December 12, 2012

Pentagon's General Counsel, Zakaria Falsely Suggest End of the War on Terror

Excellent counterattack by Bob Adelmann against Fareed Zakaria, a high-level media propagandist at CNN and Time:
A writer at the Washington Post took a snippet out of a speech by President Obama's Defense Department general counsel and concluded that he saw an end to the War on Terror. He was wrong.
Washington Post writer Fareed Zakaria characterized the speech by Jeh Johnson (shown on left) as “thoughtful,” and Zakaria was inordinately hopeful that it signaled the beginning of the end of Washington’s 12-year-old War on Terror. He wrote:

For the first time since Sept. 11, 2001, an administration official has sketched a possible endpoint…. 

Phasing out or modifying these emergency powers [given to the president by Congress to prosecute the war against al-Qaeda] should be something that would appeal to both left and right. 

Zakaria agreed with ending the war — to a point — and he invoked the warning James Madison gave about the dangers of unending eternal warfare:

Of all the enemies to public liberty, war is, perhaps, the most to be dreaded, because it comprises and develops the germ of every other. War is the parent of armies; from these proceed debts and taxes….

No nation could preserve its freedom in the midst of continual warfare.

Zakaria reviewed some of the impact that the war has had on America: bloated military budgets, new unconstitutional agencies (especially the Department of Homeland Security, which now employs a quarter of a million people), the building of 33 new intelligence facilities in the Washington, D.C. area alone (equivalent to three Pentagons), an Afghan war that has cost trillions of dollars, and nearly 60,000 American casualties.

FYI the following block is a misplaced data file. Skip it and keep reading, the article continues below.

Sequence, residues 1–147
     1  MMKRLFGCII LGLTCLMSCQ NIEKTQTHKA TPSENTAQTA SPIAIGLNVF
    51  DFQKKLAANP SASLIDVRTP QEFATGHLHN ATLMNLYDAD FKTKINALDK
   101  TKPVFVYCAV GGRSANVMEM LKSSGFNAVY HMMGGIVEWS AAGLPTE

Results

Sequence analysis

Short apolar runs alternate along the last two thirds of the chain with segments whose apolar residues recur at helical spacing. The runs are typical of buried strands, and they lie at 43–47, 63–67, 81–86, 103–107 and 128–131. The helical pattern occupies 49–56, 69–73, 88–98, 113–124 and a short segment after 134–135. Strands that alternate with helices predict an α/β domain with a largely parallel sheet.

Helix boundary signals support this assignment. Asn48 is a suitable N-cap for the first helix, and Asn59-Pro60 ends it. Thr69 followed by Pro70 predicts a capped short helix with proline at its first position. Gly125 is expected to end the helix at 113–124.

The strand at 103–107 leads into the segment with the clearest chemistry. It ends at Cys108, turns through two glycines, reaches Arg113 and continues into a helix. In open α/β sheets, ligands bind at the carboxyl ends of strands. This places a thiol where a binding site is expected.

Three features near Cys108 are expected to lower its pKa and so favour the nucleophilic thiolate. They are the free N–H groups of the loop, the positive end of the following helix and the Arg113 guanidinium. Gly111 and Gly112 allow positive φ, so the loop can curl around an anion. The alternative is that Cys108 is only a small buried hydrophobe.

Unfortunately he didn't read the rest of Johnson’s remarks. The essence of those remarks was that the War on Terror was going to continue indefinitely, but under a different name. This name change is merely in keeping with Obama's rhetoric on the war. Less than two months after his first inauguration, President Obama ordered the Defense Department to refrain from using the phrase “War on Terror” and instead start calling it the "Overseas Contingency Operation” (OCO).

Johnson’s credibility should have come into question within minutes of his opening remarks. After he noted that he favored a quote from the pro-war Brookings Institution that he said motivates his public service: “The Founding Fathers believed in a democracy" (they didn't), he celebrated the success the military has had in putting into effect that unconstitutional “blanket wartime authority”:

We ended the combat mission in Iraq.

We increased the number of combat forces in Afghanistan and have reversed much of the Taliban’s momentum in the country….

We banned “enhanced interrogation techniques,” consistent with the calls of many in our country, including our own military, that great nations simply do not treat other human beings that way….

And, finally, we have, in a manner consistent with our laws and values, taken the fight directly to the terrorist organization al Qaeda, the result of which is that the core of al Qaeda is today degraded, disorganized and on the run. Osama bin Laden is dead. Many other leaders and terrorist operatives of al Qaeda are dead or captured; those left in al Qaeda’s core struggle to communicate, issue orders, and recruit.

At this point in his speech, Johnson might have suggested that it was time to pack up and go home: Job One is done.

Not a chance.

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